Adam Raymont

Kristen Arnett

            Minda’s mouth was like the aftermath of a knife, the slice of something sharp into an overripe piece of fruit. It was a hollow where someone dug out the rot to spare the flesh from corruption. When her lips peeled back over cluttered teeth, they held jagged darkness and a fat larval tongue that lolled in the damp.

            I could crawl into you, that tongue babbled, flicking at its molar bed. I could rest there; I could make a meal from it.

            The opening to Minda’s face was a welling cut that bled juice in pulpy dribbles down her cheeks. The rest of her was dry toast in comparison to the sugared decomp of that mouth. Her teeth gave off an aroma like burnt wood doused after a fire. The larvae burrowed into those damp creases and waited for an opening.

            When she kissed girls, they tasted previous conquests. They liked her best with her mouth half-open, not too wide, at least not enough to let it all out at once. A little decay was like a sip of wine; heady, with a bitter aftertaste that reminded them of browning orange blossoms.

            Girls held Minda like spun glass and pressed their fingers to her lips when her tongue worked to open the slit.

            Shh, those fingers pressed. If you open too quick, we can’t bud.



            On the phone with her mother, Minda listened with her ears and exhaled through her nose and kept her lips sealed to prevent contamination. Her mother’s mouth was a pursed thing, screwed into a master lock. When Minda heard her mother speak, she could also hear her father breathing through the receiver, down through the telephone line. It was a hungry sound that burrowed into her head and wouldn’t leave until later on, when she could open up and spit it in the sink. It came out orange and red, yellow and green, pink and black. It came out coating her larval tongue with a chalky white paste.

            Minda, are you getting any sleep? I know you’re not getting any sleep. You always sound tired. Minda, do you need money? I know you need money. Don’t lie. Minda, would you like to come home? Would you like to stay in your old room? On the couch? In the backyard, next to the shed where we still keep your bike?

            After these calls, Minda lay in bed and tasted bile for hours. When a girl came over, she opened her arms and opened her legs and let them fall above her, let them slide into her, tried to open her mouth and take them there, but met resistance.

            Not now, not that. Later. When I’m ready.

            Ready meant never to Minda, whose tongue sat expectantly and prodded the seam. Impatient, she watched girls close their mouths around parts of her: the tender skin of her calf, her wrinkled elbow flesh, their square teeth clenching the taut line of her jugular.



            They played cards in the living room while they drank cold glasses of gin. Minda let the ice sit behind her teeth, trapped on her tongue, numbed her taste buds into something slick and dead. The television played a show about a young girl trapped in an amusement park. The girl’s hair was long and yellow and flew out behind her like a warning sign.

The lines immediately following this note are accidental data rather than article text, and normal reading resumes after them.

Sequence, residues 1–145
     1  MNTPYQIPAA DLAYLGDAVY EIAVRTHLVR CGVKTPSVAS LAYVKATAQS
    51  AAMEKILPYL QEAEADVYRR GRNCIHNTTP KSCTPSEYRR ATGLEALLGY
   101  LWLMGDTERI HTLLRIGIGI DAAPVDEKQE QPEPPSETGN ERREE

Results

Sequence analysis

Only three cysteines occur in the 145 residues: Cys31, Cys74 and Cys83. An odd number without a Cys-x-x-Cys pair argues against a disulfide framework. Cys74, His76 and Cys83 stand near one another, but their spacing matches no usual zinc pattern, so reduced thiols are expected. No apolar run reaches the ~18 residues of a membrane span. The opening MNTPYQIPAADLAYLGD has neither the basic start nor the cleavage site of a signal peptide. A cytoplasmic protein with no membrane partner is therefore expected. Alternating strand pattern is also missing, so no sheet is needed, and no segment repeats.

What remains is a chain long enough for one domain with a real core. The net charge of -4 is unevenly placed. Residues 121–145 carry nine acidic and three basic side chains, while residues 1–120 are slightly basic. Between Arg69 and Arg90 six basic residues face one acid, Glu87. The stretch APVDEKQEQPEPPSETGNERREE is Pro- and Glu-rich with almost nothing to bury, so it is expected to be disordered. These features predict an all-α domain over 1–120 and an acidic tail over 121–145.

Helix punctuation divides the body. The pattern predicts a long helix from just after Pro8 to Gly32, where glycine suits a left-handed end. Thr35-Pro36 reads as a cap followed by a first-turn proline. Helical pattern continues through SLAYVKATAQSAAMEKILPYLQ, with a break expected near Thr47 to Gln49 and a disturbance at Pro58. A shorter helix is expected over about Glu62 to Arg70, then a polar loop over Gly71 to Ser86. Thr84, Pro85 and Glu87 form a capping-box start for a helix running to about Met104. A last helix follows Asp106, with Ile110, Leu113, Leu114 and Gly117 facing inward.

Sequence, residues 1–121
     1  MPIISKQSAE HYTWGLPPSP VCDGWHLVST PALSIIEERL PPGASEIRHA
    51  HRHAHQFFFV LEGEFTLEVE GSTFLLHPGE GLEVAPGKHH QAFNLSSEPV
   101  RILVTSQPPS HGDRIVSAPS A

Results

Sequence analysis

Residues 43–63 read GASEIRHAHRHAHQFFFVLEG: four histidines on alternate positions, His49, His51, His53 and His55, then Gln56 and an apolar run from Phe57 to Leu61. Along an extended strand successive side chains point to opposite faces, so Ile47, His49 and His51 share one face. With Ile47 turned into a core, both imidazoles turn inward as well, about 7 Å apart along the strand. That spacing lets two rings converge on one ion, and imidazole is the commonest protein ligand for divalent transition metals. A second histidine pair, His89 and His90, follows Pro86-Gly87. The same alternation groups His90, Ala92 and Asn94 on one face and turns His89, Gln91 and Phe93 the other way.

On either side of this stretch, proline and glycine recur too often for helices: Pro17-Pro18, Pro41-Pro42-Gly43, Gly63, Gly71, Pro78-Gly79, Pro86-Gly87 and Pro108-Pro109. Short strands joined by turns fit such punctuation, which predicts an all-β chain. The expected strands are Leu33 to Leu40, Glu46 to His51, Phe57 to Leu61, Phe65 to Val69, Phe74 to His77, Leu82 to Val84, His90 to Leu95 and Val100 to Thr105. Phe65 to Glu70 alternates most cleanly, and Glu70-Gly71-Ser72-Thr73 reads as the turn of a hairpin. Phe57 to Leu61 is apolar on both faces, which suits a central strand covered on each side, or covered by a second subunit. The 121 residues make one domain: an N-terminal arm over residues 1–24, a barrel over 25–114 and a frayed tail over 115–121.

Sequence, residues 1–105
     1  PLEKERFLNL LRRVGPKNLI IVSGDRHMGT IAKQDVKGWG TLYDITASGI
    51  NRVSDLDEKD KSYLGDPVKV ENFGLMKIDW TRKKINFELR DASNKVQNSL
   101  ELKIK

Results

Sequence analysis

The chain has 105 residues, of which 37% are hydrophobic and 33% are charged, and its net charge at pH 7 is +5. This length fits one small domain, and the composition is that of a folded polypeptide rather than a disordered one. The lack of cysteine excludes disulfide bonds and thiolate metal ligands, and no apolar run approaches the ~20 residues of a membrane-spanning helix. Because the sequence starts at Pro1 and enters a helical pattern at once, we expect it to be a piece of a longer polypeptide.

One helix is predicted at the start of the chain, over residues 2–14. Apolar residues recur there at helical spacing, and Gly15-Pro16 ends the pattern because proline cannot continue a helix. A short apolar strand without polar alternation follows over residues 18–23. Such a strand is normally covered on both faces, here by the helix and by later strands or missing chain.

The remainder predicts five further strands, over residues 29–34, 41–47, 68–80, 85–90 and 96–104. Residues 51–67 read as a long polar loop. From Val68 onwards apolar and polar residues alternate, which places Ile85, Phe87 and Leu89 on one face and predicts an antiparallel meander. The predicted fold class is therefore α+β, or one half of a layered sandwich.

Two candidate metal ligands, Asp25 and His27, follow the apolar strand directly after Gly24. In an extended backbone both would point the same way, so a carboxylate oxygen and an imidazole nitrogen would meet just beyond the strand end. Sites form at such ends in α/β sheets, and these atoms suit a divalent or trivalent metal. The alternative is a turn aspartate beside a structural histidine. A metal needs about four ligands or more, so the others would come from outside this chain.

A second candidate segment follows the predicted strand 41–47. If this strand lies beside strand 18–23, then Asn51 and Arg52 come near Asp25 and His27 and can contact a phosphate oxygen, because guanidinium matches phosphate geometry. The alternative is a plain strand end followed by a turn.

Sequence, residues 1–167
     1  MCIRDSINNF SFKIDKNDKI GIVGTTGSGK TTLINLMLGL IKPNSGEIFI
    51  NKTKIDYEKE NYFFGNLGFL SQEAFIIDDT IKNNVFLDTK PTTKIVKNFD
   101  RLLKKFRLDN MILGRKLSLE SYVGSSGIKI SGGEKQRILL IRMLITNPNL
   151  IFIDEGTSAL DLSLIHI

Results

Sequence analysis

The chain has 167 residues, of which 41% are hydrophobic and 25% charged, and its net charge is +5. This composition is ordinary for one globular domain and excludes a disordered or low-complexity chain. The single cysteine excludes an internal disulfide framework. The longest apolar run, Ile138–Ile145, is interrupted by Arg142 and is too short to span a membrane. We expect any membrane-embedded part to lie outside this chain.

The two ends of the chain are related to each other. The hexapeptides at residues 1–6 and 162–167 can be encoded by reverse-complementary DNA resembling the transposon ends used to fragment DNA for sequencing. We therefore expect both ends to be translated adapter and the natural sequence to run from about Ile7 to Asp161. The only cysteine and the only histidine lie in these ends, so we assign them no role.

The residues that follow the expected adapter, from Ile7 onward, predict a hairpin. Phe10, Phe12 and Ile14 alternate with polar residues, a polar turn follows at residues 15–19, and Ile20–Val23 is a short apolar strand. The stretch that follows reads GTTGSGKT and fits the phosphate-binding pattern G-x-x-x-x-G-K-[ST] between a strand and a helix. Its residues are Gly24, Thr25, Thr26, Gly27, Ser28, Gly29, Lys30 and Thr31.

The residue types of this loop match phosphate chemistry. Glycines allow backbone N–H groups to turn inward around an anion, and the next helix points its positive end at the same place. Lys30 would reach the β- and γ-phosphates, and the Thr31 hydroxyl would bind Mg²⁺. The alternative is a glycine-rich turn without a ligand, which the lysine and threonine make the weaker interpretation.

Gin and gin, her mother crowed, though she hadn’t had anything to drink and she wouldn’t sit down to play cards – not on the couch next to Minda, not on the floor next to the dog, and not on the kitchen chair she’d pulled to the very edge of the living room rug.

            Minda’s father sat in the only armchair and he would sit there all night. He drank gin in big swallows and Minda drank gin in strained silence, letting liquor seep through the crack in her lips. Her tongue woke up from its stupor and threatened to lash out, swiping first left and then right. Her teeth carried grains of salt from their unwashed night.

            Gin, her father said, swirling his glass. Gin is gin.

            Minda crunched a cube and let the sharpness bleed her cheek.

            The dog opened its mouth in a very wide yawn, showing off a speckled pink uvula and a tongue like a stick of bubble gum. Minda’s mother crooned and pet the dog’s back, poked her finger in its mouth, let that tongue swipe a sticky stripe up the dry skin of her forearm.



            Alone in her apartment, Minda sat on the edge of the bed and watched lightning lick the sides of the buildings, turning everything corpse white and gray. The windows were dark holes like pulled teeth, the sills bloody roots where the rain let in under the frames and puddled up to spill.

            Branches broke off, toothpicks scattering across the roof. Her mouth unsealed, resealed, unsealed. Her tongue tasted the damp air like it was looking for meat.

            There was a woman screaming – except all the girls had gone and none would be back for a long while. Minda looked down into a wide sea that used to be called a lawn. There was a bundle stuffed beneath her broken patio chair, a crumpled thing like an abandoned child pawing at the sky.

            The cat yelled when Minda touched it, shredded the flesh of her arms in places she didn’t know could be cut. Inside the bedroom, the cat rubbed its watered body over every dry surface; every clean thing coated with a fine layer of fur. It wouldn’t touch the things Minda laid out for it – oily tuna in its tin bed, the lukewarm milk with its skin attached. The cat crawled deep beneath her dresser, made a home with the other dust balls that lined the baseboards.